< | >

Toys R Us: Lost in Transformation Pt. 2

I recently wrote an article for Entrepreneur almost presciently predicting “Why a Turnaround at Toys R Us Will Tank.”

The sad truth is, Toys R Us is closing its doors after 70 years in business.

Many other brick and mortar stores have been able to create successful omnichannel experiences for consumers, yet Toys R Us has always struggled. Why?

Because Toys R Us got lost in transformation.

Transforming marketing has become the priority as traditional marketing methods are no longer effective. For a company to be successful, it needs three crucial qualities in place:

  • A simple, clear and aligned story where the shopper is the hero
  • The right strategy that delivers remarkable shopping experiences
  • The right systems in place to enable seamless engagement with ruthless consistency

Toys R Us is not failing because people stopped buying toys. According to the National Retail Federation, U.S. holiday sales grew 4 percent to $658.3 billion last year and is expected to grow 6 percent more this coming year. The fact is, people are still buying toys, they’re just not buying them with Toys R Us. Toys R Us is failing because of the misalignment of their 3S’s—Story, Strategy, and Systems, in that order.

Kelly O’Keefe, a professor of brand management at Virginia Commonwealth University nailed it when she said, “We know that customers are willing to pay more for an enjoyable experience — just look at the lines at Starbucks every day — but Toys R Us has failed to give us anything special or unique.”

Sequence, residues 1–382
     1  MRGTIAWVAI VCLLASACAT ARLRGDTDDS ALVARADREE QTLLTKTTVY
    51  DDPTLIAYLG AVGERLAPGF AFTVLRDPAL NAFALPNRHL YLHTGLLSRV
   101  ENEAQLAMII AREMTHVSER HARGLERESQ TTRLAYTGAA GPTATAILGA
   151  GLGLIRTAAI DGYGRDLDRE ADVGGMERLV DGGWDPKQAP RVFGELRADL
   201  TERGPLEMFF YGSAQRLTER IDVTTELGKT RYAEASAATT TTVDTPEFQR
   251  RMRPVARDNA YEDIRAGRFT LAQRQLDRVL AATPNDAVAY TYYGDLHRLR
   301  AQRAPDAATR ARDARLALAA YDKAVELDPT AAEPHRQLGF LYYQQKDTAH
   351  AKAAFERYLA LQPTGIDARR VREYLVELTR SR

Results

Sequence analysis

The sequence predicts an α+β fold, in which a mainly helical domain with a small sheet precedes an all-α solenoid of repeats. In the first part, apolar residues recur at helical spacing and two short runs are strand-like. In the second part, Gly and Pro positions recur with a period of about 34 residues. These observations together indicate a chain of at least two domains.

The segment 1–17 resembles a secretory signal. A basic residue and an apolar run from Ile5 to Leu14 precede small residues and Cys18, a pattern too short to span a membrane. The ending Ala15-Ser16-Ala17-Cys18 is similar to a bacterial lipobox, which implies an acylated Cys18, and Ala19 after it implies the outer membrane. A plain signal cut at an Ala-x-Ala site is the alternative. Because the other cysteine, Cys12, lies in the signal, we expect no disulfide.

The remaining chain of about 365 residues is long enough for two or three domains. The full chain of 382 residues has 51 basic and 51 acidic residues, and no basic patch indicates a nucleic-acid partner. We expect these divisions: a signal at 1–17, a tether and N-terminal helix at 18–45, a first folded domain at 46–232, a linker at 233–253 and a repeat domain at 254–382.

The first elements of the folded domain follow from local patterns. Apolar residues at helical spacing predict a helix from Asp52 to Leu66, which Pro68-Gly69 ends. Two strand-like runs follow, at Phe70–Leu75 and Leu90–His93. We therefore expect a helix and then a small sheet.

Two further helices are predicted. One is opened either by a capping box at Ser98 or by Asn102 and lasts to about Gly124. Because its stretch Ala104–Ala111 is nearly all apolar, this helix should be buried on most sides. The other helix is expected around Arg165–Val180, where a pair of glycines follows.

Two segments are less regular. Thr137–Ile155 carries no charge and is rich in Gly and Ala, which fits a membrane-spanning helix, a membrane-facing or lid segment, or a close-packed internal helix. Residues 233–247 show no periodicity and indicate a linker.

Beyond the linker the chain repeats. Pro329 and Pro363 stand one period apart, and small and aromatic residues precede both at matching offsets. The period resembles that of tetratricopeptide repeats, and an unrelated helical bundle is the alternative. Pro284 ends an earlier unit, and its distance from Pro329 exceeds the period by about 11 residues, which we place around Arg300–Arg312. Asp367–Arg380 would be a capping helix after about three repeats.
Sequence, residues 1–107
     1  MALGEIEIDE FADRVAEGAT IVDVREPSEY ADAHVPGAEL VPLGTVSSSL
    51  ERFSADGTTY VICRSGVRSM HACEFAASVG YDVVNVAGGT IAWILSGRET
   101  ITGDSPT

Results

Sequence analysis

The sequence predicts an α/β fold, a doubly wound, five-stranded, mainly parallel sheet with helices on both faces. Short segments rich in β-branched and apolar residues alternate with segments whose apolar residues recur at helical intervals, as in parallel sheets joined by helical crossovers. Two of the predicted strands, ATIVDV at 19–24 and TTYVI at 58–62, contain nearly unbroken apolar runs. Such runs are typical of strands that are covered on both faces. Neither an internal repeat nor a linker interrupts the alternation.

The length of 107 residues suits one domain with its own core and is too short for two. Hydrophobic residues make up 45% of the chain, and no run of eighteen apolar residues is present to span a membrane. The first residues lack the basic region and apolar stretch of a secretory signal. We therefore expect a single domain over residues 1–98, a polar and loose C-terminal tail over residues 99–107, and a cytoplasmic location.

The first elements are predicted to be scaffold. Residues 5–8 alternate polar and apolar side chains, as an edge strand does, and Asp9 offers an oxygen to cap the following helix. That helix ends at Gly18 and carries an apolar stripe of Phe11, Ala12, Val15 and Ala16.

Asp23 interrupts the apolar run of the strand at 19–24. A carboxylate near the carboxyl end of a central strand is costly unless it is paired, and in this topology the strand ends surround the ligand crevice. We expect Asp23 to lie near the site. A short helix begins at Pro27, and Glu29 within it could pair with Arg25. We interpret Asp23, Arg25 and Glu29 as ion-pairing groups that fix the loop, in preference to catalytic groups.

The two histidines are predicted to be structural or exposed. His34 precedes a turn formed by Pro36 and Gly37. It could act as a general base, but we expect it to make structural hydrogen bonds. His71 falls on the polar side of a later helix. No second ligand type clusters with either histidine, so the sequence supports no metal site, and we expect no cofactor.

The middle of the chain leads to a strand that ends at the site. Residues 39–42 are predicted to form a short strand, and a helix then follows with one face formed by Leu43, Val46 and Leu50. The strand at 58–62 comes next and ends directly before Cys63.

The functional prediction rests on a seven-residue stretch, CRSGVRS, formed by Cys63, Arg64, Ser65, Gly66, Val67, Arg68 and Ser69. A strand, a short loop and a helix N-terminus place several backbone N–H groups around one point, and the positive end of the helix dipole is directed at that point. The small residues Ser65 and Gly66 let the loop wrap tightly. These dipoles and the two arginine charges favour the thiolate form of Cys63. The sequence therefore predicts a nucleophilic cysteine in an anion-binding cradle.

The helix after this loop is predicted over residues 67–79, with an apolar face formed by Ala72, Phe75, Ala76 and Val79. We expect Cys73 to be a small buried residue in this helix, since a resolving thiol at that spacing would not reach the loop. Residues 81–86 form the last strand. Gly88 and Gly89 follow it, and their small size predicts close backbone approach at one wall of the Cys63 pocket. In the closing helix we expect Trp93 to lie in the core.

Toys R Us has always been positioned as the “toy authority” for parents and children alike. The brand story was about quality, value, selection, and an in-store shopping experience focused on making the shopper the “hero.” Today, however, no one wants to be in a Toys R Us during a holiday.

Back in early 2014, Toys R Us announced its “TRU Transformation” strategy to address shopper experience challenges and position the company for growth. The problem, however, is that most people today are “hybrid” shoppers, using both online and physical retail locations as part of their buying journey, and Toys R Us wasn’t cutting it with their hybrid experience.

The company filed Chapter 11 last September, and then made the decision (after a disappointing holiday season) to shut down operations.

Toys R Us has admitted that it fell behind on its e-commerce systems. As they tried to revamp, with nearly $100 million invested over the last three years toward jump-starting an online experience, it acknowledged that it could not catch up to its retail peers.

And only two weeks after announcing it would be closing all of its stores, Toys R Us has officially shut down its website for purchases.

What can we learn from the sad demise Toys R Us?

Toys R Us failed its digital transformation. When times are changing, it’s imperative to understand how to adapt and transform within your company. Toys R Us is a perfect example of a company that continued to be stuck in the same way of doing things until it was way too late. Companies that are staying successful today are recognizing the changing marketing landscape, accepting change and accelerating on that change.

Learn more about how you can improve the transformational powers of your marketing department to drive organization-wide change by downloading our free 3S Playbook here.

Want to hear stories of how marketing and executive teams have overcome (and also how they’ve not overcome) transformation? Preview my new book Marketing, Interrupted. You can order it here.

< | >

See Recent Posts